Developing countries in Asia need to invest $10 billion over the next two years for its production of solar energy can compete on price with conventional sources, said the Asian Development Bank (ADB).
In order to achieve this goal and increase in the capacity of 3,000 megawatts of photovoltaic electricity production from Asian countries, the financial institution announced the creation of a fund of $2,250 million (1,562 million euros).
Most of this amount will be used to finance projects already underway or in preparation in China, India, Pakistan, Uzbekistan and Thailand.
The Asian Development Bank, which previously has given soft loans to various countries in the region beset by its inability to answer even the strong demand for power consumption, estimated that with this new financial support, will ensure that energy production increase by 1,000 megawatts PV in 2012 and another 1,500 megawatts in 2013.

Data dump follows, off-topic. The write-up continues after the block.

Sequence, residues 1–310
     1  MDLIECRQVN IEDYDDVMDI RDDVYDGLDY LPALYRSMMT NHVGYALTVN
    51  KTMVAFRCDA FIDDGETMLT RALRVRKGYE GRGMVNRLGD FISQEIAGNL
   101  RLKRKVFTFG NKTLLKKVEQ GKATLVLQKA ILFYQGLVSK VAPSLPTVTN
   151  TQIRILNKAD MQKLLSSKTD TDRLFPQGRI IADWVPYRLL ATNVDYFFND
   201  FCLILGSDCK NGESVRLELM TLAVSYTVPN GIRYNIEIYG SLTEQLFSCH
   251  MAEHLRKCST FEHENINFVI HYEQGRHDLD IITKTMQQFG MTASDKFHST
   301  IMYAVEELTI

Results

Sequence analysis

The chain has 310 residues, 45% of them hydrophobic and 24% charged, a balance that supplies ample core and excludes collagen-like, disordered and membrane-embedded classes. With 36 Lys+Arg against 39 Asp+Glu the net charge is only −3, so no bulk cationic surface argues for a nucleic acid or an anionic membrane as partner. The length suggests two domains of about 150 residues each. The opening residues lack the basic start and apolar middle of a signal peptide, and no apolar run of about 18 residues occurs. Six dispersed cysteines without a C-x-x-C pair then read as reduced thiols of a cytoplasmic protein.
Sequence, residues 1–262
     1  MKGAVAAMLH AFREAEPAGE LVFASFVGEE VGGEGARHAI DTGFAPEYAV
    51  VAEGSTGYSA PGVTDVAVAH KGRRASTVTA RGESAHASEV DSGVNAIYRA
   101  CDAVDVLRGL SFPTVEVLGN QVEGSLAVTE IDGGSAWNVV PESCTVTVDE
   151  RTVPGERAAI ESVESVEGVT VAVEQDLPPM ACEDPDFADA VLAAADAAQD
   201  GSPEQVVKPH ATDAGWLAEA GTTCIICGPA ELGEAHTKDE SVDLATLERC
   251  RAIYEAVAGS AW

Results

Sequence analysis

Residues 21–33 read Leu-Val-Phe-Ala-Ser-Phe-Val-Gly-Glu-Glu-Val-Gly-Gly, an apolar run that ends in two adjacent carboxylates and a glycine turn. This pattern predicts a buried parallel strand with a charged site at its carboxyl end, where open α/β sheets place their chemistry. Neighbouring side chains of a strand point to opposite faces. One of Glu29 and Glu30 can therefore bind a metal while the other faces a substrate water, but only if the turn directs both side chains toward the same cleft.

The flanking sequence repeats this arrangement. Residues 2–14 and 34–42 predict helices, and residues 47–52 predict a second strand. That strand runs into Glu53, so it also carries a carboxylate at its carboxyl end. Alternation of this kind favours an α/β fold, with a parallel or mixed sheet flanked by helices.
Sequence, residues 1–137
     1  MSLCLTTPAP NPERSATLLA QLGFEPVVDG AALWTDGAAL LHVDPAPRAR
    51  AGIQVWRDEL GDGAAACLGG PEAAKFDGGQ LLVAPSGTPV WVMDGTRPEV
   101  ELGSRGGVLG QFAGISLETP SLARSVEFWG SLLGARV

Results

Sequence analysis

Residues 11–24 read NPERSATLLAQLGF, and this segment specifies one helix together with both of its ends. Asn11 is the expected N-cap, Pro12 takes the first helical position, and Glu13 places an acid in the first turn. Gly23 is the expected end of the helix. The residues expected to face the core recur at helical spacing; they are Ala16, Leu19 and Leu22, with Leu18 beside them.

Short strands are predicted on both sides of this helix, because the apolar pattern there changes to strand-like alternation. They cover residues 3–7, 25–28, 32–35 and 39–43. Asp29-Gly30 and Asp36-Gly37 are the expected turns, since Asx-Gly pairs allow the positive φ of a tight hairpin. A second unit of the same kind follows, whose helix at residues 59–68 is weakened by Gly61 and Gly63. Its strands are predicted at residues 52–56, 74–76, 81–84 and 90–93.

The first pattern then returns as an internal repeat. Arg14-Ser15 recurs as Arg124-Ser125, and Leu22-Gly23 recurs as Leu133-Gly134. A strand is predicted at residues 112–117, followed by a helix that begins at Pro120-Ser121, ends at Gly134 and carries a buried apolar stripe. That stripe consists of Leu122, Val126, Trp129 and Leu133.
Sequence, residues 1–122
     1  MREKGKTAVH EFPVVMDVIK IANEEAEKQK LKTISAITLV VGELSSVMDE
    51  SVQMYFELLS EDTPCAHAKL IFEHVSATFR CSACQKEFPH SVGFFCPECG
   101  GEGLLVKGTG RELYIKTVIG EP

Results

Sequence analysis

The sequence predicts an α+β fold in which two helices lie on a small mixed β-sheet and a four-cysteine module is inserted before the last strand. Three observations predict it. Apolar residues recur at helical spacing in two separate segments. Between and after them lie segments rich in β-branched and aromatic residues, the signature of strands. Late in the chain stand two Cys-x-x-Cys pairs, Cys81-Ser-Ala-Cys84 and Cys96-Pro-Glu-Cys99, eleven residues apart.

“We want to encourage the rapid growth of solar energy to make it price competitive with conventional sources,” said the president of the bank, Haruiko Kuroda, during a conference in Manila on clean energy.
For its part, S Chandler, president of the ADB’s energy committee, said that increasing production by 3,000 megawatts will cost $10 billion, of the 2,250 will come from loans from the bank.
“Our job is to provide a sufficient number of projects to increase volumes and ensure that manufacturers of clean technologies have incentives to continue investing in research and development,” he said.
The ADB has invested $1.76 million in 29 renewable energy projects last year. According to a report by the ADB, Asian nations in 2030 will have doubled its imports of fossil fuels, compared to 2005 due to the rapid expansion of their economies.